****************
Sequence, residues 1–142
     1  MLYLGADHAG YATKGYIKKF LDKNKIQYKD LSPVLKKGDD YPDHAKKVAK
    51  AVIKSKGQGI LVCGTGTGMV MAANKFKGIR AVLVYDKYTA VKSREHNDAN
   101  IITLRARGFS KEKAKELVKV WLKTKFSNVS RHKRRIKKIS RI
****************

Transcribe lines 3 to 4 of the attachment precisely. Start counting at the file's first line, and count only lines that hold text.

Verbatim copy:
    51  AVIKSKGQGI LVCGTGTGMV MAANKFKGIR AVLVYDKYTA VKSREHNDAN
   101  IITLRARGFS KEKAKELVKV WLKTKFSNVS RHKRRIKKIS RI